A motorcycle trip to the birthplace of Buddha

After spending a couple of days relaxing in the backpackers luxury of Pokhara, I started becoming antsy again. I felt like going on one more little adventure before starting off on the Great Himalaya Trail. Based on the information of my travelguide I found out that Lumbini, the birthplace of Buddha, is about 220 kilometres away from Pokhara. The Prithvi Highway that takes you there is supposedly one of the nicest roads in Nepal to ride.

Not daunted by having a complete lack of motorcycle experience I walked into the office of Hearts & Tears. I signed up for a one day introduction class hoping this would give me enough driving skills to take on the trip the following days. In true Nepali fashion I got taught how to start, switch gears and brake in the middle of a public park surrounded by a troupe of local kids. After a morning of trial, error and increasing success, my teacher felt it was time to take me out on the road. After a short stretch through the slightly hectic traffic we made it out on a mountain road to work on my corner work. When we get back in the office I get the approval of my instructor signs to rent a bike for the next three days.
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The following morning I wake up early to beat the morning traffic and slowly make my way towards Lumbini. The Prithvi Highway turns out to a succession of beautifully carved turns, but I slowly make my way up and enjoy the freedom of riding on a motorcycle. Even if it’s just a measly Yamaha RX-135, it doesn’t stop me from dreaming of a longer Royal Enfield Bullet trip somewhere in the future.

After a long day I arrive into the small town of Lumbini Bazaar, on the edge of the Buddhist pilgrimage site. I check in to a hotel and walk in to the park just after sunset. The Maya Devi temple, the actual birthplace of Buddha, is already closed but I can convince the guards to let me sneak in to take some pictures. After quickly looking at the foundations of the original temple, I walk outside to find a group of pilgrims congregated around the pond chanting.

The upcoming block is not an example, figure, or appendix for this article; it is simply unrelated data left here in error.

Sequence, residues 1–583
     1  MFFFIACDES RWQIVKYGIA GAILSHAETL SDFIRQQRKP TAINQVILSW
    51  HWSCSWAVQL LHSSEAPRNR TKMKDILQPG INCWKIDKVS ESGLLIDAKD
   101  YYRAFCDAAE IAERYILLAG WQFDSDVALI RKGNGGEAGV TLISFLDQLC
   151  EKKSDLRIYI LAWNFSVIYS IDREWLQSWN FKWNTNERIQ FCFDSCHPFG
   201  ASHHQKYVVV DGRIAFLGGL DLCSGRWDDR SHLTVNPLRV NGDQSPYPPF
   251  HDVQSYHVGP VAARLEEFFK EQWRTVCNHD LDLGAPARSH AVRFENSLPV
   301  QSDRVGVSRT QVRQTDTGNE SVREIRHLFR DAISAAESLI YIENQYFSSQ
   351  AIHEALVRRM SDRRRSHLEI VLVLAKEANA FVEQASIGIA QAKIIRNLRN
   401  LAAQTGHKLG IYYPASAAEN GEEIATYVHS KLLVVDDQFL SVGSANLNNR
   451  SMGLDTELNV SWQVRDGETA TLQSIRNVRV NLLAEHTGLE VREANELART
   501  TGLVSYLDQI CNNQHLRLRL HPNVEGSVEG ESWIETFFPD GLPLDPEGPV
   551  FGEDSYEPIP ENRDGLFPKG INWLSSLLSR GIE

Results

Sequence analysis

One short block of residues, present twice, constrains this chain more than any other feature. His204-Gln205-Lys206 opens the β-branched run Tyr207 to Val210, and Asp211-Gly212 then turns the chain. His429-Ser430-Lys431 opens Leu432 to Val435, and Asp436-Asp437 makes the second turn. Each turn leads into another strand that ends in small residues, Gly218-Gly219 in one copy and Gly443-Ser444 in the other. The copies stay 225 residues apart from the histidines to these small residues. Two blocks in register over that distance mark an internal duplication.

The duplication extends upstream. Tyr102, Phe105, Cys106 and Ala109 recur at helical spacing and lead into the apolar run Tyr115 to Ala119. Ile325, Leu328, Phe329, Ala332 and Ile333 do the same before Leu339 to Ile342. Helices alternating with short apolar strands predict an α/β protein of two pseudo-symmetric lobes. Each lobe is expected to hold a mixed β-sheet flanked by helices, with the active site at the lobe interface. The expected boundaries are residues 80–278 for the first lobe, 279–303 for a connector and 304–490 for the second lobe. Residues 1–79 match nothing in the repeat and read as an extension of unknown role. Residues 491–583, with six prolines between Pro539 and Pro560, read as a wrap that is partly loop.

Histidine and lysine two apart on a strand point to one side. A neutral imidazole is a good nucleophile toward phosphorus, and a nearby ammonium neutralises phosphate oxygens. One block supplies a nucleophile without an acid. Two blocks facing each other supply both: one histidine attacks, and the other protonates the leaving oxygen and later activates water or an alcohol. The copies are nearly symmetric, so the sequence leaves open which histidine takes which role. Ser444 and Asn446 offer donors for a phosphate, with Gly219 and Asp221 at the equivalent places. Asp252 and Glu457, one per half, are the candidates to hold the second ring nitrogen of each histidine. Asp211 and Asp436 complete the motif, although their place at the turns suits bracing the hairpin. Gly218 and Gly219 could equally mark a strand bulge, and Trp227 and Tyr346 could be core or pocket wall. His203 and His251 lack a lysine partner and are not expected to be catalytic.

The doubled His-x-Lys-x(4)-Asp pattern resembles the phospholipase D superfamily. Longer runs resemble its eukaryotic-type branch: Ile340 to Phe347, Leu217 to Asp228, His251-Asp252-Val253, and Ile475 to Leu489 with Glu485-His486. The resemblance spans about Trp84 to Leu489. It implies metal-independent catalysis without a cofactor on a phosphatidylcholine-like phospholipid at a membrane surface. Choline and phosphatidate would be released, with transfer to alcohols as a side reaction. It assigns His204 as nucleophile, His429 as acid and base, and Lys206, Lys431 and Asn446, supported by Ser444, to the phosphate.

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Back at the hotel I begin to realize how different the climate is on the Terai. At only 150 metres above sea-level the temperatures don’t drop down at night. Combined with a killer force of mosquitoes I barely get some sleep at night. Long before sunrise I pack up my bags and get on my motorbike to explore the rest of this Unesco heritage site. I get to see a brightly orange sun rise over the World Peace Pagoda, where I’m joined by two Japanese monks who are hitting melodic cymbals while circumnavigating the pagoda.

Sunrise at the World Peace Pagoda

Sunrise at the World Peace Pagoda


From there on I ride along the various temples and pagodas that have been built here by the different countries. Some of them are small and humble, others huge and covered in gold. It’s an interesting experience to see how each temple has a different style (and also budget).
Young Nepali apprentices cleaning up their temple in the morning.

Young Nepali apprentices cleaning up their temple in the morning.


In the afternoon I drive up to the ruins of the palace in Tilaurakot where the young Buddha grew up and eventually left behind his royal life of comfort. Although not as impressive, the solitude here away from the typical tourist trail, sheds a different life on the experience. As I drive back towards Tansen where I’ll spend the night, I feel myself cutting through the thick warm air of the Terai. With a big smile on my face I can only conclude that my first motorcycle trip has turned out to be a great success.

As always you can find more pictures here.

From tomorrow on I’ll be together with Remy doing our final preparations for the Great Himalaya Trail. From here on I’ll have little internet access, but I hope to put up some posts after we have successfully finished that adventure.

David

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